, after all), it plays out more like the first game but with a few welcome additions like the trusty parry mechanic. The item bar introduced in GoW III
makes a return, but there’s only one item to use and it merely augments your normal attacks instead of giving you something really new to play with, so it ends up being kind of a wash.
That brings us to the boss fights, or lack thereof. Just like every other game in the series, Ghost of Sparta
kicks off with a multi-stage battle with a colossal beast. Unlike later entries, however, bosses are few and far between after that, and none of them ever reach the scale of the first. The last boss is a saving grace, at least; while it may not make up completely for the lackluster boss roster, the final fight is cooler and more exhilarating than any other out of the series.
A couple design choices also contribute to that feeling of regression in the series. For one, while God of War
games have always been overwhelmingly linear, the environments usually disguise it pretty well. Here, however, there are a lot of elements to keep you restrictively on track and thereby pull you out of the game: Invisible walls and rubble form boundaries everywhere that Kratos should easily be able to clear with a double jump.
There are also a bunch of segments where the camera zooms in behind Kratos and he can only move forward in a slow walk. This is meant to heighten the drama before the next big action scene, but it really yanks you jarringly out of an obviously fast-paced game. Instead of aiding the drama, it only serves to get you antsy as you wait to be back in full control. If it happened once or twice, it would be fine, but these segments pop up too often and for too long to ignore.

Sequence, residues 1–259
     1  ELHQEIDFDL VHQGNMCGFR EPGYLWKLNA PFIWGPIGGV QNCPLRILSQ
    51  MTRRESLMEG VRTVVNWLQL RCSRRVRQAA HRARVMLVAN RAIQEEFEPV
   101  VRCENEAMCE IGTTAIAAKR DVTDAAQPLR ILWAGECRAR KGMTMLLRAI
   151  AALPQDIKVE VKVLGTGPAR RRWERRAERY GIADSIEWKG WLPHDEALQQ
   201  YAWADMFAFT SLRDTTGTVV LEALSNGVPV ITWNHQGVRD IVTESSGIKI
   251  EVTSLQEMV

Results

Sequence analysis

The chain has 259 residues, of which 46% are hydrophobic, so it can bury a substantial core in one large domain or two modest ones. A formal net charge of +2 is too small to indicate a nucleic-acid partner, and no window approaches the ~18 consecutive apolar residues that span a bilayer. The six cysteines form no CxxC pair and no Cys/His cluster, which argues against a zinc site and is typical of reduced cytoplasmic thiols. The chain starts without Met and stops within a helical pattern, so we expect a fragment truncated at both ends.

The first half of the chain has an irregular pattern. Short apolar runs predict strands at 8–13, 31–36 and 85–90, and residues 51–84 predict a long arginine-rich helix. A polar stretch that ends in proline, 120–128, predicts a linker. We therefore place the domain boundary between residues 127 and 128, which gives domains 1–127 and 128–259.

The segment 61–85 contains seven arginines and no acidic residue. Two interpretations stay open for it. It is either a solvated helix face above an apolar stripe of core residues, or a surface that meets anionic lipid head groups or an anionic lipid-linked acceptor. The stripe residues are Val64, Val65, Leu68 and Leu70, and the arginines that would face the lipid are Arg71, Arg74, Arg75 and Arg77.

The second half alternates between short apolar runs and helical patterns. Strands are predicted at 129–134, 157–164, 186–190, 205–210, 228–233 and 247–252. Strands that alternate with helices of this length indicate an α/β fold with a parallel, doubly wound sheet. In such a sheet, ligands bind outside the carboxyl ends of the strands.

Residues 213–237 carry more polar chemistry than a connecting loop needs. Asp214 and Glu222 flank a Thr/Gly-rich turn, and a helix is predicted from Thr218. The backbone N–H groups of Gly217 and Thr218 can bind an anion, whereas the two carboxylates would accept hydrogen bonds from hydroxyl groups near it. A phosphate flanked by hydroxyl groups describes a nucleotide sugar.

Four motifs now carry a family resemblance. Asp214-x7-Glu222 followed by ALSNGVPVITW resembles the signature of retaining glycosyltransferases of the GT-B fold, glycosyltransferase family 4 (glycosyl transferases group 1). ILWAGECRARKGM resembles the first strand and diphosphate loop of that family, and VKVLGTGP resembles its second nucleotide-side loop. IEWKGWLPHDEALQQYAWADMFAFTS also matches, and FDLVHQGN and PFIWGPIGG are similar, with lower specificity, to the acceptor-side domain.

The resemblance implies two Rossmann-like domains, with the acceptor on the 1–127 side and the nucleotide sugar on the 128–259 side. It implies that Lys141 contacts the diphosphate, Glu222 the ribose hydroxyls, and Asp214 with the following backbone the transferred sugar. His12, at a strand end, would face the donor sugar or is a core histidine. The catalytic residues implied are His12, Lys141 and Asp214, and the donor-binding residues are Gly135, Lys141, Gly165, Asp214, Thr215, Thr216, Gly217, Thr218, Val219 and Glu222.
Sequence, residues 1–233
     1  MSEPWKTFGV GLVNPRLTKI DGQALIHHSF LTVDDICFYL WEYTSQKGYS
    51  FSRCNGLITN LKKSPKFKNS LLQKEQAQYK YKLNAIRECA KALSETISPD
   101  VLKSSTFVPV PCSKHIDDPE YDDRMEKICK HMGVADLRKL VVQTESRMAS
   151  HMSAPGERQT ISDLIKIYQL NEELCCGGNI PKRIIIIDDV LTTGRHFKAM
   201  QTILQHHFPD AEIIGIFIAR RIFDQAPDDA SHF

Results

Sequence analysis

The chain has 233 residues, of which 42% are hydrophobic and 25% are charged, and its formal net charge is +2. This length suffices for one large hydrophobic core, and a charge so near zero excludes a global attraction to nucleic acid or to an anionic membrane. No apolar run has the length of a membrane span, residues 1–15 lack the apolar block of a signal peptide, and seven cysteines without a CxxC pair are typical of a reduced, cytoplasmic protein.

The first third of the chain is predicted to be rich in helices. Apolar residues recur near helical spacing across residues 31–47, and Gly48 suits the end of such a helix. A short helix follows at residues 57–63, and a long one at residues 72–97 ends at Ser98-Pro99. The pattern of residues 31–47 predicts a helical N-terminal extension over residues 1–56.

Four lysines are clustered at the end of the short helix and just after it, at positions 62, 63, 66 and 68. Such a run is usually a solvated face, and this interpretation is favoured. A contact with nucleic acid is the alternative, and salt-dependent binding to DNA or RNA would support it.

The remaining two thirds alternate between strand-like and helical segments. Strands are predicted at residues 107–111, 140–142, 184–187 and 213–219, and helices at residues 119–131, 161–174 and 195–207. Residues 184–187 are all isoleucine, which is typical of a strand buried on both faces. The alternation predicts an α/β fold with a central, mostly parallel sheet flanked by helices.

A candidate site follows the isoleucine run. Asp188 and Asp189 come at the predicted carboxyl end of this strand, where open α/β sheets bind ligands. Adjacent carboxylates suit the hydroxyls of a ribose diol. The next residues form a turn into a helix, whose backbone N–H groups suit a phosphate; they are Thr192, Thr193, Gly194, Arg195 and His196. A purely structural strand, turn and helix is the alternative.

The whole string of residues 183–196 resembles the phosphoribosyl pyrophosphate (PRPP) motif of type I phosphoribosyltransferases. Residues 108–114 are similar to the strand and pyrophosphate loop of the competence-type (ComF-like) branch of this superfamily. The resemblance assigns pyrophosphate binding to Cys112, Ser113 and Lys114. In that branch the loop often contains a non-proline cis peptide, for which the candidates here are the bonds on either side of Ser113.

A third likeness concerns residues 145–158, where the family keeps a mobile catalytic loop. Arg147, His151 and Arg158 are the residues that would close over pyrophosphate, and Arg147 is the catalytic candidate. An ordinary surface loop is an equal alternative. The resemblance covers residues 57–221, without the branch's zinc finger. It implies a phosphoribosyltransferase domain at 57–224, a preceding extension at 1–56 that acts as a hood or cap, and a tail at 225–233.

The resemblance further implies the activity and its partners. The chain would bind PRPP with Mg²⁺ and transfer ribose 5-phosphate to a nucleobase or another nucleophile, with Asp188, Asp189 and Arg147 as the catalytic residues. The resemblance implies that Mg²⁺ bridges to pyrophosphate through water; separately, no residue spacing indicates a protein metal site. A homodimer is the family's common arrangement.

On the positive side is the new batch of enemy designs. Every time you think they’ve run out of ideas for bad guys, they come up with some unique enemies for the next game. My personal favorite is a four-legged walking statue that teleports, shoots electricity, and carries a gigantic (electrically-charged) stone boulder. If Miyamoto was high when he thought of goombas, these devs must be straight trippin’ (not that I’m insinuating anything, of course).
There’s also a hefty amount more replay value in Ghost of Sparta
than the typical GoW
experience. On top of the standard Combat Arena and Challenge of the Gods, the Temple of Zeus is a bonus area where you can spend additional orbs unlocking extras like Combat Arena monsters
, galleries, and videos. Some of these extras cost hundreds of thousands of orbs, so you’ll have your work cut out for you if you want to get everything.
As an action game, as a PSP game – hell, simply just as a video game – Ghost of Sparta
is entertaining and well worth a play. As a God of War
game, though, it’s a reluctant step backward, in its design, sparse boss battles, and lack of weapon and magic options. I think that there’s really nowhere this series can or should
go after God of War III
. Kratos has earned his rest. I’m willing, with a heavy heart, to finally let him go. Are you, Sony?